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Cancer patients not receiving exercise advice

Four out of five cancer patients are not receiving information on the importance of physical exercise, a new study reveals.

The survey by Macmillan Cancer Support revealed that of more than 1,000 sufferers questioned, only two in five actually undertook any physical exercise at all.

Around 80% claimed that their GP or clinical nurse specialist did not discuss exercise with them as part of their treatment and recovery, despite recommendations that 150 minutes of moderate intensity physical exercise a week can be beneficial to recovery and quality of life.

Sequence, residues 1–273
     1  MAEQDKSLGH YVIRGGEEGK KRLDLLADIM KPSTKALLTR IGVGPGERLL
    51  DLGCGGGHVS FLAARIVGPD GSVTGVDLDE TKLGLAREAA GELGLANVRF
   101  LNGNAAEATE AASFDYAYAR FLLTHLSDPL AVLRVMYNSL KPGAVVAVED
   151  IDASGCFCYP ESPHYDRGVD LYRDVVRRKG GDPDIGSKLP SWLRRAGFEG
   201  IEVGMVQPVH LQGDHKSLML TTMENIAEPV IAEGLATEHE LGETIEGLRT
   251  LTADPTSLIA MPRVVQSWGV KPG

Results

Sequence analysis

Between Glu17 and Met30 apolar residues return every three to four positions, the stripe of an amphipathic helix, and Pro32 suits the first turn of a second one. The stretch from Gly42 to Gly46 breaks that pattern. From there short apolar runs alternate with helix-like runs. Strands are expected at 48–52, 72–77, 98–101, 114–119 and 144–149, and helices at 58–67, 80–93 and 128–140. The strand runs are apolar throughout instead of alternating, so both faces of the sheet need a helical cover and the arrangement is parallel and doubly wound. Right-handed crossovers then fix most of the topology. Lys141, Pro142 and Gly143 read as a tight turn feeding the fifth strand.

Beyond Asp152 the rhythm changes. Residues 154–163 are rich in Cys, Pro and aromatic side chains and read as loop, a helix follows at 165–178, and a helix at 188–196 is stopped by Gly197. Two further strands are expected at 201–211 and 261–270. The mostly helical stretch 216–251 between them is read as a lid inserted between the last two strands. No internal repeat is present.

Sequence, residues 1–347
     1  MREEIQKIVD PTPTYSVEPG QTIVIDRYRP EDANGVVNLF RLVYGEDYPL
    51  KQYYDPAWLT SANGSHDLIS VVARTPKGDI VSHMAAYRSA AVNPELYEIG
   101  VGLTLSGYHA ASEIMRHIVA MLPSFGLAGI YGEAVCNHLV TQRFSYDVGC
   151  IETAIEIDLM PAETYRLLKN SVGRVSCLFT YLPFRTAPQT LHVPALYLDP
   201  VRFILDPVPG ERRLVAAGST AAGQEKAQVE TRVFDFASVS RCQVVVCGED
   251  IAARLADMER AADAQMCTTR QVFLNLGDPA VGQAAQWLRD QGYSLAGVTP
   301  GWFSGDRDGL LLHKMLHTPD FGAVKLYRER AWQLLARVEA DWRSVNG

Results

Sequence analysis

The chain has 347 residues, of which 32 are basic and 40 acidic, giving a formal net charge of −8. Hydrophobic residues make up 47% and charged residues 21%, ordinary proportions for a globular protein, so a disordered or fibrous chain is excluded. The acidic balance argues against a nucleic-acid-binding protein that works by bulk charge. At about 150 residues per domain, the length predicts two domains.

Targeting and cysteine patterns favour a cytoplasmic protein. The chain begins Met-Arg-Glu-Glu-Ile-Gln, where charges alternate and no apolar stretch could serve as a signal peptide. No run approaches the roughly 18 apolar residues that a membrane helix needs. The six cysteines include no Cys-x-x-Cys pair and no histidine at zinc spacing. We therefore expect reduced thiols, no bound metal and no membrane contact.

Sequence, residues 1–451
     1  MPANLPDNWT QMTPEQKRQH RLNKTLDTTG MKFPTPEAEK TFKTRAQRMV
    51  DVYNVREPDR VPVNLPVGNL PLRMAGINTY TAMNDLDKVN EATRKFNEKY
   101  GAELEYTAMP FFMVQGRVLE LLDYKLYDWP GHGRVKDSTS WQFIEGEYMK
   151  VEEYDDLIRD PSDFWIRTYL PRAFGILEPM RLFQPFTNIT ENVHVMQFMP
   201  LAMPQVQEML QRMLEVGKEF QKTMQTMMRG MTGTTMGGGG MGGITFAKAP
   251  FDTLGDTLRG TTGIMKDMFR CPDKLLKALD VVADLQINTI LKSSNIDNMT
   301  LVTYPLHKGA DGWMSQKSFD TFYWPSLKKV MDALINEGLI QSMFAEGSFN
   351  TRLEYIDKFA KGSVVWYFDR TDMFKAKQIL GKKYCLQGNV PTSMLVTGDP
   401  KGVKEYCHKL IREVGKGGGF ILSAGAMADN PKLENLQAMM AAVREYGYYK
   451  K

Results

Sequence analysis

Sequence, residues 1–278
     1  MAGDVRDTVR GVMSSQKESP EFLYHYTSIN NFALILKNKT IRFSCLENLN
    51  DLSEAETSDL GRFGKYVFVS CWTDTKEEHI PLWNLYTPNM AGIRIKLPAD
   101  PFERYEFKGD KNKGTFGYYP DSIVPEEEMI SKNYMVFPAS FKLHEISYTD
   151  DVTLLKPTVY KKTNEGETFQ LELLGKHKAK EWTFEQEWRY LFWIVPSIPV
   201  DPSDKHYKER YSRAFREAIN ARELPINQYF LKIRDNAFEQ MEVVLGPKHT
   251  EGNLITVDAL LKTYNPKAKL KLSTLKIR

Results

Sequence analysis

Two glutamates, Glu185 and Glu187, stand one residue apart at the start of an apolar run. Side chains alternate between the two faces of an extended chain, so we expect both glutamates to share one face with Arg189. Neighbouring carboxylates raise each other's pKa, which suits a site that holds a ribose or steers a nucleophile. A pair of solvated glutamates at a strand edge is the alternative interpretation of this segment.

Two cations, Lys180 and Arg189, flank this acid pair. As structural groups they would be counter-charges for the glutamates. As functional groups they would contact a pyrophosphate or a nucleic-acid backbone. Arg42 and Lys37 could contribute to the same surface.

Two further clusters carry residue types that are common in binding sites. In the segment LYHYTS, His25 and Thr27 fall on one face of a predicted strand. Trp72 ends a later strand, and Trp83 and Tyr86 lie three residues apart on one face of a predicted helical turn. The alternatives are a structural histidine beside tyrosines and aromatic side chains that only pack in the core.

Exercise within the recommended levels has been shown to reduce side-effects of cancer treatment, including fatigue, muscle wasting, mobility problems, depression and anxiety.

Jane Maher, Chief Medical Officer of Macmillan Cancer Support and leading clinical oncologist, says:

“It's hard to encourage people to think about fitness during and after gruelling cancer treatment. It's easier to tell people to rest. But increasingly, many patients will need our help to bust the myth that resting up is always the right thing to do, so they do not miss out on the 'wonder drug' of exercise, which can make all the difference to recovery.”